What is the relationship between the Ministry of Lands and the National Lands Commission?

The roles of the two agencies are spelt out both in statutes and in the Constitution. So there is no reason for us to fight. Sometimes there are conflicts because there are overlaps in roles.

But we have found mechanisms to iron them out and I wouldn’t say it is one of those things that give me sleepless nights. The only thing that gives me sleepless nights is the need to digitalise and digitalise quickly because our country needs these reforms.

As the country approaches the 2022 general election what have you put in place to avert land-related conflicts?

President Uhuru Kenyatta has been keen on this issue and that is why land reform is one of his strategic priorities because we want to remove land as a campaign issue. First, there is a programme in the ministry called the National Titling Programme launched in 2013.

Prior to 2013, Kenya had only registered six million titles and between 2013 and now which is about eight years we have registered 5.2 million titles. A lot of this is happening at the Coast region where land is an emotive issue.

Does the ministry have integrated regional land programmes for the EAC?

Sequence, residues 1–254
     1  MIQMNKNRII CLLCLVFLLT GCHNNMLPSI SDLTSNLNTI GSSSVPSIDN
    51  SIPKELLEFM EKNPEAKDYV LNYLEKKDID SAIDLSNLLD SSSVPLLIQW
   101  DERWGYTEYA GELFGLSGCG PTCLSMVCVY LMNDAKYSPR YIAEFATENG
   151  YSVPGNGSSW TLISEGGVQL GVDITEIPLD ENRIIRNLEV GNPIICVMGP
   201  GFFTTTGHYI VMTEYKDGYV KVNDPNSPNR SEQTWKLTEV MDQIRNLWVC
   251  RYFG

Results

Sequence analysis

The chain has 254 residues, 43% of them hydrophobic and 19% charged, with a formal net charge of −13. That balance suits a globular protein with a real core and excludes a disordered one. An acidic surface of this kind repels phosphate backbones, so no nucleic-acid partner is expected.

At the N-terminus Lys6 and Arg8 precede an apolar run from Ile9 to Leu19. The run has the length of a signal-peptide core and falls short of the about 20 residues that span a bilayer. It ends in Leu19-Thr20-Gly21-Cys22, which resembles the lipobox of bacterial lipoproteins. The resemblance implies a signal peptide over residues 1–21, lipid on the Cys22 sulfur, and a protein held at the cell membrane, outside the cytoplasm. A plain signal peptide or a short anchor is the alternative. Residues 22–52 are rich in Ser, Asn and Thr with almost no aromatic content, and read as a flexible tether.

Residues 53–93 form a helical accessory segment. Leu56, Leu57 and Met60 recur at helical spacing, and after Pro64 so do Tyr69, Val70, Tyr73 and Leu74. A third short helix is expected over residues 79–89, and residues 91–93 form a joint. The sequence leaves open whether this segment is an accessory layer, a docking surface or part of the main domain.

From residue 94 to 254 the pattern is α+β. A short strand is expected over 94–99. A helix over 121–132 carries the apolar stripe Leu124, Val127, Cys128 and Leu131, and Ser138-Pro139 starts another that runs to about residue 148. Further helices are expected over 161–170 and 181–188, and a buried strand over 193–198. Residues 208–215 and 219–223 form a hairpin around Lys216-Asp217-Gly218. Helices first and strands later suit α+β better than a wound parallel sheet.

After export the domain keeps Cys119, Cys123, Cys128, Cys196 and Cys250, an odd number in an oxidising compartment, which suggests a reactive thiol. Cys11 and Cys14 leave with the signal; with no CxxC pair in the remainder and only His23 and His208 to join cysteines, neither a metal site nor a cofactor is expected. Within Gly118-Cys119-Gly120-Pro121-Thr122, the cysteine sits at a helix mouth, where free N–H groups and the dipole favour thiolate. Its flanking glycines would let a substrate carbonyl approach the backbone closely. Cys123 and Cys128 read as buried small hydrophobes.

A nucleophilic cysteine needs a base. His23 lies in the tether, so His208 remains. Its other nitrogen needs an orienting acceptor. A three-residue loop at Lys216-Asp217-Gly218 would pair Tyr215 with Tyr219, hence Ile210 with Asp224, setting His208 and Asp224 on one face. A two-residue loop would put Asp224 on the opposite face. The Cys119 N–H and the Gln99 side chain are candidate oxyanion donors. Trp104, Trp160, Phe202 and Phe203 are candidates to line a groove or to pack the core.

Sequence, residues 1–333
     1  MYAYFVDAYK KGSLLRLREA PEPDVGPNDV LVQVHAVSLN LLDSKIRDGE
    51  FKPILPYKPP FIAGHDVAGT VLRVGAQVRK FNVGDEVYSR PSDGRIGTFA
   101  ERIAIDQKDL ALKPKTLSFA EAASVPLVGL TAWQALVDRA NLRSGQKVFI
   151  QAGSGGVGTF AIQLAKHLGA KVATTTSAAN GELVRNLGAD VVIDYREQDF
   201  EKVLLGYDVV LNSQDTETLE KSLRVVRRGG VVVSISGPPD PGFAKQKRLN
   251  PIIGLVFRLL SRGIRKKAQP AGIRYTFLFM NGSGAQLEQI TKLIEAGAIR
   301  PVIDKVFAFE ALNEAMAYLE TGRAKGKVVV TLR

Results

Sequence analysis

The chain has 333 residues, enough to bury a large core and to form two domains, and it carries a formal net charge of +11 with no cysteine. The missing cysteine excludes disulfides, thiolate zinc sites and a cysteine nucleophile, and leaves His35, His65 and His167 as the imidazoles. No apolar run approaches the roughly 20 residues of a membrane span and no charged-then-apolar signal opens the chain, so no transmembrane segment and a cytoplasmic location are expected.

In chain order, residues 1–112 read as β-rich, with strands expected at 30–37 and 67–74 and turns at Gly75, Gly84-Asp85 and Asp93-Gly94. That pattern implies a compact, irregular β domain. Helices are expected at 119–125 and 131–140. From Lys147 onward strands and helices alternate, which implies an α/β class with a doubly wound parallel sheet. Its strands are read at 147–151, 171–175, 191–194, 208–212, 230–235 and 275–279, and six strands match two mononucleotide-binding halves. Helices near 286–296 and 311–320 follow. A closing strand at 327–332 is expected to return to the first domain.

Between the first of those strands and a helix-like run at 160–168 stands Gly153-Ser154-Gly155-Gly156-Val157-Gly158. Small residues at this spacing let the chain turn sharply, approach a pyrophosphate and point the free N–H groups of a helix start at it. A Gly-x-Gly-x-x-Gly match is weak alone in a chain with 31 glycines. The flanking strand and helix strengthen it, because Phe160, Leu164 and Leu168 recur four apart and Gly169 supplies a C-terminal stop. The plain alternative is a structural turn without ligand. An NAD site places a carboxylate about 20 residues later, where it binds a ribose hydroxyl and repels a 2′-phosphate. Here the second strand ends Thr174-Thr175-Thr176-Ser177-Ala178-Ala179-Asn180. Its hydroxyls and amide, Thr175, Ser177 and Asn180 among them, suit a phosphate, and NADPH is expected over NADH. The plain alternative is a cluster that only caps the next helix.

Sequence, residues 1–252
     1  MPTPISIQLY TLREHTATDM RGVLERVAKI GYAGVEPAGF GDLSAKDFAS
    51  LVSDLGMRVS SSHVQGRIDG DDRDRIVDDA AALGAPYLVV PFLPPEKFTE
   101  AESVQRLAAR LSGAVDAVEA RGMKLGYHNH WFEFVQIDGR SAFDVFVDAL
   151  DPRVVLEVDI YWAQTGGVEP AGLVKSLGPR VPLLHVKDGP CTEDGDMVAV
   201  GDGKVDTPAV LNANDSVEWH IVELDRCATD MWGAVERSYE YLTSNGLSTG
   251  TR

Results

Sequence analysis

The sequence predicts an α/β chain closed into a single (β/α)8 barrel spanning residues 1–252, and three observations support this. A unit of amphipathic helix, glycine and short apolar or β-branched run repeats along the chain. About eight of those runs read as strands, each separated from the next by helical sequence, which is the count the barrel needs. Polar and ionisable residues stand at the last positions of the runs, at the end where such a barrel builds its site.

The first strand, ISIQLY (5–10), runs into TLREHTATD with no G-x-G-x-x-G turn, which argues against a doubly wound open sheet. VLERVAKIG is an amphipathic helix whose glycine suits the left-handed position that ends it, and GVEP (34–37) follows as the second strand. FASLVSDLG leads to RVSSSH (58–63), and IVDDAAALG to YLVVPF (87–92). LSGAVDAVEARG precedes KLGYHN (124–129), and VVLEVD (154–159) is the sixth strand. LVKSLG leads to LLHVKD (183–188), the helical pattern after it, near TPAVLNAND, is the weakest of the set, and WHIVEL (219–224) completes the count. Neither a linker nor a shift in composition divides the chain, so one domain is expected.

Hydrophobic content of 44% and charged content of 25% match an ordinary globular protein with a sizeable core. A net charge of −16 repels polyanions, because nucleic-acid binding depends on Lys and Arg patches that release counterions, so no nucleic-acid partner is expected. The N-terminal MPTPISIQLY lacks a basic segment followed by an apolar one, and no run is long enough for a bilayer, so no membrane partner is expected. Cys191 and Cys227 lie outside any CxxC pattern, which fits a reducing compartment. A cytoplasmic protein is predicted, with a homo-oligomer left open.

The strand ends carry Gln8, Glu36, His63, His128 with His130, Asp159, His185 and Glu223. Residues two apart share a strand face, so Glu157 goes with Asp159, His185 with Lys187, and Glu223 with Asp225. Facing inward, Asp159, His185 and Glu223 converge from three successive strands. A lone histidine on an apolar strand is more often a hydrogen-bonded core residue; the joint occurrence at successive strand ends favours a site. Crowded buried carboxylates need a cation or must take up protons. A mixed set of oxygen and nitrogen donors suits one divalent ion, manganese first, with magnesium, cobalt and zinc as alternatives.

We are working very closely with our neighbours on the reaffirmation of our boundaries, which is a programme being run through the Ministry of Interior and Co-ordination of National Government. So we work very closely together in terms of making sure our collective borders are safe and secure and they are clearly marked.

We doing this jointly under the joint commission for co-operation in Tanzania, South Sudan, Somalia, and Uganda. In terms of whether we have integrated land reform programmes, I think we have not gone deeply into working with each other because each of the partner states are working on their own land reform programmes.

African Union has a collective policy declaration and pronouncements on what we should do in terms of equity and sustainable use of land. We have just started working with neighbouring states to implement this AU policy.

Is blockchain technology in land administration working?

We haven’t gone the blockchain way but we believe strongly that we have developed a system that is secure because the whole idea of blockchain is security and security of data.

Our data is highly encrypted and to that extent I believe the platform we have built is safe and robust. I keep saying that it is one of the best systems I know in government in deploying anything.

I’m not too worried about security. What I keep worrying about is the quality of our data because over the past 60 years we haven’t done well in managing our records.